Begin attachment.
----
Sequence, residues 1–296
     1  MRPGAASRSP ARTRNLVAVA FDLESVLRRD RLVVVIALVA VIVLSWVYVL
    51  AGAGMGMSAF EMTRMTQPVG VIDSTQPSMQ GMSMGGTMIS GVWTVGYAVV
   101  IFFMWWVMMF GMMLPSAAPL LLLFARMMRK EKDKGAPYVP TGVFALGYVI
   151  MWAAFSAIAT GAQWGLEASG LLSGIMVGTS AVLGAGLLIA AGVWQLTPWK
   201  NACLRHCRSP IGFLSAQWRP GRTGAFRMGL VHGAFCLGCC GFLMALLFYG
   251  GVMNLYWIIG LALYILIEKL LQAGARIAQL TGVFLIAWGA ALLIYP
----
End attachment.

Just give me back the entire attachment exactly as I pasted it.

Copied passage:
Sequence, residues 1–296
     1  MRPGAASRSP ARTRNLVAVA FDLESVLRRD RLVVVIALVA VIVLSWVYVL
    51  AGAGMGMSAF EMTRMTQPVG VIDSTQPSMQ GMSMGGTMIS GVWTVGYAVV
   101  IFFMWWVMMF GMMLPSAAPL LLLFARMMRK EKDKGAPYVP TGVFALGYVI
   151  MWAAFSAIAT GAQWGLEASG LLSGIMVGTS AVLGAGLLIA AGVWQLTPWK
   201  NACLRHCRSP IGFLSAQWRP GRTGAFRMGL VHGAFCLGCC GFLMALLFYG
   251  GVMNLYWIIG LALYILIEKL LQAGARIAQL TGVFLIAWGA ALLIYP